Abstract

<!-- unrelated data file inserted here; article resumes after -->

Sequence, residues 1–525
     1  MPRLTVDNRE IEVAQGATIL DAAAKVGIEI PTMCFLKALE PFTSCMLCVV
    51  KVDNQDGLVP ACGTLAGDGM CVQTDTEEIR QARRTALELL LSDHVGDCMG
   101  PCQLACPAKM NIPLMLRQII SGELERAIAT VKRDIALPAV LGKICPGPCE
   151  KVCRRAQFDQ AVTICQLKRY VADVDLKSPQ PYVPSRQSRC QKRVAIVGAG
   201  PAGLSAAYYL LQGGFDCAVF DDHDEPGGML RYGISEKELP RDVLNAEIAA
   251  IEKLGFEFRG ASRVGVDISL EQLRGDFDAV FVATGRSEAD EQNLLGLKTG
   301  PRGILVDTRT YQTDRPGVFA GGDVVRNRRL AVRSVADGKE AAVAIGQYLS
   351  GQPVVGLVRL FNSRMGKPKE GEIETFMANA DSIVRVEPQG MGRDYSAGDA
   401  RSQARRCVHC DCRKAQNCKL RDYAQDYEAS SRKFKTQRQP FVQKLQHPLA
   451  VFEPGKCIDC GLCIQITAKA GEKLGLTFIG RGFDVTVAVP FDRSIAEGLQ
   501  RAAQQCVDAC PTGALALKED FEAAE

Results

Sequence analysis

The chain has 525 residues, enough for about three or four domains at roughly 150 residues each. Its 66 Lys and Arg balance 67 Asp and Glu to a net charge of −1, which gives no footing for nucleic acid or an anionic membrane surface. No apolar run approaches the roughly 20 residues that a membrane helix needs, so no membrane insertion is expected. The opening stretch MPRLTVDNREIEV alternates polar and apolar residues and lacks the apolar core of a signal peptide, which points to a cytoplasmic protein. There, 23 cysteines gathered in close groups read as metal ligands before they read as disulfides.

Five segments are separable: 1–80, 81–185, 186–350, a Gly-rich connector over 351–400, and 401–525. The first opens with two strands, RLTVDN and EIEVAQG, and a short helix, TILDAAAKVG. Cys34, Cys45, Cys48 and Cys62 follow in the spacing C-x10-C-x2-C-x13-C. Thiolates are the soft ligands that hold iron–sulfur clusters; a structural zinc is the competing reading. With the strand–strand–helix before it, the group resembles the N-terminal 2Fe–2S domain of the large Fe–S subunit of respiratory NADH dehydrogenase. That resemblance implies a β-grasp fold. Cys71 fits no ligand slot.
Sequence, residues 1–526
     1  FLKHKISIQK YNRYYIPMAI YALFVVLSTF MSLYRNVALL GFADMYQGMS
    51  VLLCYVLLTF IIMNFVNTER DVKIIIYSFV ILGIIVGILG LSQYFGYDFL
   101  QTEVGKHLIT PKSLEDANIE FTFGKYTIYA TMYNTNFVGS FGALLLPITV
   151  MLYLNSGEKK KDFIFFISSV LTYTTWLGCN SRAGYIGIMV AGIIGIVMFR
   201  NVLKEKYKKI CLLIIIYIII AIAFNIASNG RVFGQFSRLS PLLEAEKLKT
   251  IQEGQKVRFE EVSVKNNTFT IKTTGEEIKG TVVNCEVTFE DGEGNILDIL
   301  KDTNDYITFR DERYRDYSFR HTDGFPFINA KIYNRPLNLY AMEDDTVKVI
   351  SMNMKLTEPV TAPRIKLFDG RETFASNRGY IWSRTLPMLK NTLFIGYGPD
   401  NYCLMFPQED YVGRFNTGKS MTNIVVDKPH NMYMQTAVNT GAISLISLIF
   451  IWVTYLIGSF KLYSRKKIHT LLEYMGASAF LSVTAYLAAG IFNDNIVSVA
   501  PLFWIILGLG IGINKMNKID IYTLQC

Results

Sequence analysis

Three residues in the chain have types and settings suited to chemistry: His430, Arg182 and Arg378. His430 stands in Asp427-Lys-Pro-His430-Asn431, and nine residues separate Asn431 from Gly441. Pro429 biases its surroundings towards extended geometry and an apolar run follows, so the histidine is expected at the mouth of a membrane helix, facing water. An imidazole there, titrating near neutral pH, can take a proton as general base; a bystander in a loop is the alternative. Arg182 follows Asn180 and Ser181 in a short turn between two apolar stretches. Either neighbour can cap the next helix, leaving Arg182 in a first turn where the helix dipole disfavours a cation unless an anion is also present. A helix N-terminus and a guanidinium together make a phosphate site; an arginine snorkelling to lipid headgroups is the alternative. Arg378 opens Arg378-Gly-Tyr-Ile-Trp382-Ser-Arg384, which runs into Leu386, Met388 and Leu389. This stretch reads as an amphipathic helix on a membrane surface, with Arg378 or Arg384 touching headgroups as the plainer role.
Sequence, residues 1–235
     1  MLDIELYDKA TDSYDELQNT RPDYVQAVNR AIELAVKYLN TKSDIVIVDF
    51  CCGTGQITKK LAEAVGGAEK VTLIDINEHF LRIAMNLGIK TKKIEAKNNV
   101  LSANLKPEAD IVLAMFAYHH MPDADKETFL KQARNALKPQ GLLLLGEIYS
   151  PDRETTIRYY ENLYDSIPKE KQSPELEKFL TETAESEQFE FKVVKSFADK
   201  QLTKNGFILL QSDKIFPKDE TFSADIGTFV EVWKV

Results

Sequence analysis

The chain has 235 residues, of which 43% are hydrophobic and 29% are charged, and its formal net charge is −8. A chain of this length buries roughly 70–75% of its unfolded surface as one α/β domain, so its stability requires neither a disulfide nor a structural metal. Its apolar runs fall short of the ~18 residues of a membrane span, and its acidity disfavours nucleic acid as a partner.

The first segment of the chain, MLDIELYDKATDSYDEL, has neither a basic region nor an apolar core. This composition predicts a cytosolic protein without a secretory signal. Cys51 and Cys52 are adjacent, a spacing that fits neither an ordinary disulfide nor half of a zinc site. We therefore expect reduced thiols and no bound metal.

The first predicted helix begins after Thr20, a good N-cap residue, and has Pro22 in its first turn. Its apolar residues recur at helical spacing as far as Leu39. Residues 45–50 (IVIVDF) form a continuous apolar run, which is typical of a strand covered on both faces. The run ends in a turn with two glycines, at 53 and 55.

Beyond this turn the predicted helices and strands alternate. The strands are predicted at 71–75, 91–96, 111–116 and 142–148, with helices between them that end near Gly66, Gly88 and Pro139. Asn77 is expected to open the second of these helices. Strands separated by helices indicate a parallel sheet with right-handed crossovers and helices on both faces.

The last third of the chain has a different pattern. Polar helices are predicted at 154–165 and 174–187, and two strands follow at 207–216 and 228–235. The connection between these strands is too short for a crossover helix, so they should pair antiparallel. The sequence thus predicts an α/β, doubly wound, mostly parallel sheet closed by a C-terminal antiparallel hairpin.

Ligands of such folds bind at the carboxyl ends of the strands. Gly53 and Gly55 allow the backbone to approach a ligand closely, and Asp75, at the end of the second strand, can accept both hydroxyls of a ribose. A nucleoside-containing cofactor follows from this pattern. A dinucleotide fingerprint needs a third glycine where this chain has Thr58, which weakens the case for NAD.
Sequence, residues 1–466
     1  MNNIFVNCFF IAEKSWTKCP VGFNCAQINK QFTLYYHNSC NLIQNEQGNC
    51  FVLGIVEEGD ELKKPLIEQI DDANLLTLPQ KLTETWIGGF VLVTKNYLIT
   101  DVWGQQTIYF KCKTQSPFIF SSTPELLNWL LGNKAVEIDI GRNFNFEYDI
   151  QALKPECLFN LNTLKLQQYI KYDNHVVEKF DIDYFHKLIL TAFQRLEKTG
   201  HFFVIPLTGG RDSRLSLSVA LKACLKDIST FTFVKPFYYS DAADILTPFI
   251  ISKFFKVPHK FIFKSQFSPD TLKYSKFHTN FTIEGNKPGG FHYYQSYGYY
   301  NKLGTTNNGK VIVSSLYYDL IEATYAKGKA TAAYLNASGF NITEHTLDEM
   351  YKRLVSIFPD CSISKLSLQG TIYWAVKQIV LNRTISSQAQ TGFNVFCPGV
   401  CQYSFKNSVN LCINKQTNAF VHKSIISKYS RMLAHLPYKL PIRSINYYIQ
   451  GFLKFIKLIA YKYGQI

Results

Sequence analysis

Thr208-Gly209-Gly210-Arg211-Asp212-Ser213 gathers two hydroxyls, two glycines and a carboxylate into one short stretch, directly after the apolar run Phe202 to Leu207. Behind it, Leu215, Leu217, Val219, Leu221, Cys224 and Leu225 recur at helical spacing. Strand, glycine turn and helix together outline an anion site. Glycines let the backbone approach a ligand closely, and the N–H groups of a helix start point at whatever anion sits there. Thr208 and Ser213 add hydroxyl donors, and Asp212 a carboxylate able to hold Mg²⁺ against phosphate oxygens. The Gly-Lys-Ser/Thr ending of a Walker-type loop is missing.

Past sea-surface conditions over the northern North Atlantic during the last glacial maximum were examined from the study of 61 deep-sea cores. The last glacial maximum time slice studied here corresponds to an interval between Heinrich layers H2and H1, and spanning about 20–16 ka on a 14C time scale. Transfer functions based on dinocyst assemblages were used to reconstruct sea-surface temperature, salinity, and sea-ice cover. The results illustrate extensive sea-ice cover along the eastern Canadian margins and sea-ice spreading, only during winter, over most of the northern North Atlantic. On the whole, much colder winter prevailed, despite relatively mild conditions in August (10–15ºC at most offshore sites), thus suggesting a larger seasonal contrast of temperatures than today. Lower salinity than at present is reconstructed, especially along the eastern Canadian and Scandinavian margins, likely because of meltwater supply from the surrounding ice sheets. These reconstructions contrast with those established by CLIMAP on the basis of planktonic foraminifera. These differences are discussed with reference to the stratigraphical frame of the last glacial maximum, which was not the coldest phase of the last glacial stage. The respective significance of dinocyst and foraminifer records is also examined in terms of the thermohaline characteristics of surface waters and the vertical structure of upper water masses, which was apparently much more stratified than at present in the northern North Atlantic, thus preventing deep-water formation.

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